Tina Zorman and Eternal Yemen in Slovene media

Friday, December 19, 2014

Veličastna Sokotra - čarobna Sana in košček jemenskih gora: 29.1. - 12.2. 2015

Ste med tistimi, ki bi enkrat radi obiskali večno mesto Sana'a in pa veličasten otok Sokotra, znan po svoji edinstveni flori in favni?

Če ste, je potovanje, ki ga organizira Prirodoslovno društvo, pravo za vas, saj vam ponuja vse to, poleg tega pa boste doživeli še nekaj gorskega, plemenskega Jemna, ki bo dodal ravno manjkajoči košček k celotnemu mozaiku.

Mi bomo poskrbeli za brezhibno organizacijo in vam tudi zagotovili voznike in vodnike, ki so že stari prijatelji Prirodoslovnega društva.
Vse skupaj pa bo resnično pravo doživetje, zaradi izvrstnega vodenja diplomirane biologinje Janje Benedik, ki vam bo na vsakem koraku lahko povedala kaj zanimivega. Janja je biologinja z dušo in srcem in predana Prirodoslovnemu društvu, kjer je odgovorna za nešteto stvari, poleg tega pa organizira strokovna predavanja, ekskurzije in pa daljša potovanja, ki jih sama tudi izvrstno vodi.
Vsi, ki se za to potovanje zanimate, čipmrej kontaktirajte Prirodoslovno društvo, ali pa info@eternal-yemen.com, kajti do potovanja je le še slab mesec in pol.

Vabljeni na potovanje, ki ga zagotovo ne boste pozabili, vabljeni na potovanje, ki bo spremenilo vaš pogled na svet !

Lepo in nepozabno !

Nekaj sokotranskih utrinkov s potovanja Jemen - Sokotra, Januar 2014





Tuesday, December 16, 2014

Poisonous beauty: Adenum Obesum Socotranum - endemic succulent of Socotra Island, Yemen

Socotra Island is a treasure of most unusual plants that can be found in the world.

Dracaena cinnabari, known also as Dragoon's Blood Tree became the symbol of Socotra Island.

Nevertheless, personally I just love the succulent tree, forming the most bizarre shapes, growing on most bizarre places, knows as Desert Rose, or Bottle Tree, while it's Latin name is Adenium Obesum Socotranum and is a part of Adenium family.

So, it came just naturally, that when we created our company in 2006, which was 2 years after my first visit to Socotra Island, I've choose this beauty as our sign.

For all those that are attracted by this bizarre tree, I'm offering a detailed description, first of the Adenium family and then of the specific Socotrian type: Adenium Obesum Socotranum.

For all those that would like to come to Socotra Island and experience Adenium Obesum Socotranum in vivo, please, contact us:

Adenium is a genus of flowering plants, known from dry climates in sub-Saharan Africa and the very southern part of the Arabian Peninsula. Scientists debate how many wild species there are of Adenium. The most conservative view is that there is only one species (Adenium obesum) and a handful of subspecies or varieties. But wild adeniums vary dramatically from location to location, from short fat trees that resemble a small baobab to quite small shrubs arising from huge tuberous roots. One thing that they all have in common is that they live in relatively dry climates (or at least areas that have extended annual dry seasons) and therefore they have adopted the succulent way of life. That is, they store water in their soft, swollen roots and stems to allow them to survive through periods of drought.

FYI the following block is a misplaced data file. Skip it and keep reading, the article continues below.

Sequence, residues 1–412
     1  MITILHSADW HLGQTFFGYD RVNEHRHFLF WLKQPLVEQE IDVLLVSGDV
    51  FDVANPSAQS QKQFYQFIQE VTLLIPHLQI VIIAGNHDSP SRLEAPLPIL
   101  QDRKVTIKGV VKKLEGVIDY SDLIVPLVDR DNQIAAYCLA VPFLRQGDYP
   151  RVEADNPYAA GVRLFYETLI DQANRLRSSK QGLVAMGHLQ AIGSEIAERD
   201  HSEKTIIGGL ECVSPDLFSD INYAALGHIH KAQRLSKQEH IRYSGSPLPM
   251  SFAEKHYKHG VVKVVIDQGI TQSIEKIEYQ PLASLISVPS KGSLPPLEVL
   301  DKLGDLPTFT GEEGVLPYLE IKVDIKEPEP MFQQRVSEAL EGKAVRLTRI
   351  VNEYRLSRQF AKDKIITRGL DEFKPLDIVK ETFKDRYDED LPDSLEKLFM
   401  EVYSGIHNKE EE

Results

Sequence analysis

The most spread species is Adenium obesum, also known as Sabi Star, Kudu or Desert rose. It is an evergreen succulent shrub in tropical climates. In different environments, Adenium obesum is quite variable but can grow to 1-3 m in height and form a small, thick-trunked tree or large shrub. The leaves are spirally arranged, clustered toward the tips of the shoots, simple entire, leathery in texture, 5-15 cm long and 1-8 cm broad. The flowers are tubular, 2-5 cm long, with five petals. Flower colors range through various shades of pink and red, to bicolor flowers with white, and, recently, pure white forms. Some have yellow throats. True Adenium obesum normally blooms in spring and summer continuously for many weeks.

There are several subspecies identified: 

Adenium obesum subsp. boehmianum. Namibia, Angola. 

Adenium obesum subsp. obesum. Arabia.

Adenium obesum subsp. oleifolium. South Africa, Botswana.

Adenium obesum subsp. socotranum. Socotra, Yemen.

Adenium obesum subsp. somalense. Eastern Africa.

Adenium obesum subsp. swazicum. Eastern South Africa.

Adenium Arabicum subsp. Arabicum. Thailand.

Adenium Arabicum subsp. Thai Socotranum Thailand.



The species Adenium obesum subsp. socotranum is endemic to the island of Socotra, belonging to Yemen, in the Indian Ocean south of the Arabian Peninsula. It is the giant of the genus, forming a swollen, bottle-shaped trunk (caudex) several meters tall and up to 2.4 m in diameter. It resembles a miniature baobab. Its trunk and well developed roots, keep the tree supplied with water during the summer droughts. The thick, well developed roots allow growth in crevices and on loose rocks largely devoid of moisture. The particular plants can be several hundreds years old.

The stems are strongly vertical and distinctly striated, a unique character in the genus. The leaves are about 12 cm long, are widest (4 cm) near the tip, and are dark green with a white midrib and light major veins. The flowers are bright pink and twice the size of those from the Yemeni mainland A. multiflorum", which could reach 10-13 cm in diameter. The tree produces a potent poison, making it inedible to livestock or humans. Local fishermen occasionally use its bark to stun small fish, although Euphorbia latex is preferred; while herders tie strips of the bark around the necks of young livestock to keep away wild cats.

The wood of the tree is as soft as a sponge. The tree has two Socotri names: tirymo (in the eastern areas) and isfid (central and western areas), the latter one meaning useless or valueless. Locals traditionally used to treat the wounds with its latex.

During summer, it drops its leaves before flowering, being one of the few plants that doesn't require rain to flower.